Kamilia Landrum is the epitome of #BlackGirlExcellence, as she currently serves as the Detroit branch NAACP program and membership director while running her own small business, Staged Spaces, LLC. Staged Spaces is an event planning and styling firm based in Detroit that was inspired by Landrum’s early love for decorating that was created through memories she made with her grandmother, Lula Frances Landrum. At Staged Spaces, Landrum manages, oversees and executes the day-to-day operations, all while dually working full time for the Detroit Branch NAACP.
After graduating magna cum laude with her Bachelor of Science degree in business administration from Florida Agriculture and Mechanical University (FAMU), Landrum moved back to her home town of Detroit to make a difference in her community. During her studies, Landrum never shied away from leading and served as chair of a number of committees, including the Fight for Freedom Fund Banquet for the FAMU chapter of the NAACP. She also served as treasurer of the Beta Alpha Chapter of Delta Sigma Theta Sorority, Inc., a sorority of which she remains a current member.
At the Detroit branch of the NAACP, Landrum oversees programming for five of their key development areas: education, economic sustainability, criminal justice, civic engagement and health and heath care access. She also manages strategic partnerships for Detroit’s NAACP organization and all membership services for the branch’s 20K members.
Landrum earned her master’s degree in public administration, with a focus in nonprofit policy and management, from Wayne State University and her career goals include working in public affairs for a Fortune 500 corporation. She is the proud and only daughter of songwriter and playwright Apostle Dr. Thomas I. Butler, and songwriter and gospel recording artist Pastor Kim Butler. Landrum guides her life by the scripture, “For I know the plans I have for you, plans to prosper you and not to harm you, plans to give you hope and a future.” – Jer. 29:11.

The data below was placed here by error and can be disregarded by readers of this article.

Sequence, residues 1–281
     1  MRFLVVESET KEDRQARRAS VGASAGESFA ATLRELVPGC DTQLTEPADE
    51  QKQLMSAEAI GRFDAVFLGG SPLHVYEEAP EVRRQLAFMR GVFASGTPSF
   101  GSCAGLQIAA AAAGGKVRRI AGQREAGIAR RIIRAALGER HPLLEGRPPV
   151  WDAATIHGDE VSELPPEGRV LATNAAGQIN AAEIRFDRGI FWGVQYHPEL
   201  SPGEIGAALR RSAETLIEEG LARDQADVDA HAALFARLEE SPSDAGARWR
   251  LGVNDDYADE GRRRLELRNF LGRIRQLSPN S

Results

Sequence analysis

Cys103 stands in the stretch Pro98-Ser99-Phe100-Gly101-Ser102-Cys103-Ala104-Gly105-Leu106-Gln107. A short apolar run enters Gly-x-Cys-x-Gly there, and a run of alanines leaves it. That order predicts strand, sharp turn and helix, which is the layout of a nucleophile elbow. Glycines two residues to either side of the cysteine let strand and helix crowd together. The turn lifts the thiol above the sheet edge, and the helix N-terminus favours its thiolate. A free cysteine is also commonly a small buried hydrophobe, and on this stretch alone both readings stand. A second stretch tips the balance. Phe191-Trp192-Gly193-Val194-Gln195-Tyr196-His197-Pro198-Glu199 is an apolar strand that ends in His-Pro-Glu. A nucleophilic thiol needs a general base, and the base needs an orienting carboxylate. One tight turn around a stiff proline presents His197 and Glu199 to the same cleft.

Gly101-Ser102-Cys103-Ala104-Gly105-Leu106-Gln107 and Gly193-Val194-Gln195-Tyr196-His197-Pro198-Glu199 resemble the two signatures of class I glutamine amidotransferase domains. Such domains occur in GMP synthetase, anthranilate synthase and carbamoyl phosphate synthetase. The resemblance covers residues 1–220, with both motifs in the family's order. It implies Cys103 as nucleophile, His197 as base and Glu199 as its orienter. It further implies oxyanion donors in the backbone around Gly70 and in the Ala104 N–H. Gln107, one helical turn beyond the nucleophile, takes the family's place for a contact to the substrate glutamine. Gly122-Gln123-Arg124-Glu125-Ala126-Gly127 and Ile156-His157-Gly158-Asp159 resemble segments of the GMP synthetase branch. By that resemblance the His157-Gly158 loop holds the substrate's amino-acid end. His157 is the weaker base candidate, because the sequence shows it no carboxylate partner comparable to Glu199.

Landrum is a phenomenal, hardworking business leader and has some great advice for young women in business: “Always assume the answer is yes!” Check out the rest of what this dynamic woman had to say below.
As the Detroit branch NAACP program and membership director, what are your major areas of responsibility?
I am responsible for managing all of our programming and branch activities that fall under our Five Game Changers, which are health, education, economic development, criminal justice, and civic engagement. Essentially, that means I am responsible for executing our branch activities such as community meetings, town halls, supporting national events and our annual Fight For Freedom Fund Dinner, just to name a few. Additionally, I create and execute the programming for our Youth & Education Initiatives, which include our Detroit NAACP Youth Council, Young Adult Committee, Back to School Stay in School and our membership services.
How did you land your position as the program and membership director?
It has always been a goal of mine to work for this organization. I have been blessed to be a volunteer at the Detroit branch NAACP since I was 16. I served as the Detroit NAACP youth council president when I first began and from there I stayed connected and committed to the association. Once I finished my undergraduate studies at Florida A&M University, I moved back home [to Detroit] and was elected to be the regional youth representative to the national board of directors. When I was first hired at the Detroit branch NAACP, I came in as an office assistant/social media coordinator, but as with all non-profits, you must be able to multitask. Quickly, I was given more responsibilities and was elevated to special projects coordinator, then program and member services coordinator, and now director.
What inspires you to show up at work every day?
There is too much going in our communities for me to sit by the sidelines. Every day I wake up to a new chance to make a difference in someone’s life and I refuse to sit silent and not take advantage of that opportunity.
What are the three most important factors of being a successful woman?
Integrity, emotional security, and a very strong bounce back game.
Technology plays what role in your daily life?
Technology helps keep me organized every day. In addition to working for the Detroit branch NAACP, I own Staged Spaces LLC, which is an event planning and styling firm. As a small business owner, it allows me to advertise and run my business effectively because I can connect with clients in a quick, efficient manner. I primarily use Facebook and Instagram for free advertising, and these two platforms alone have garnered most of my clientele. I use Asana to keep me on task for projects and many other applications that allow me to access them on my smart phone and computer from anywhere in the world. Without the advancements in technology, it would be a lot more difficult to work a full time job and run a full time business effectively and efficiently.
What are the do’s and don’ts for young women in business?
One of my favorite do’s for young women in business is to assume the answer is always yes. So often, we tell ourselves “no” before we even try, or we assume our idea won’t work and we stop before we [get] started. Do not let doubt or the fear of failure stop you, no matter how close it is in your face. No one wants to look back on a life full of regrets.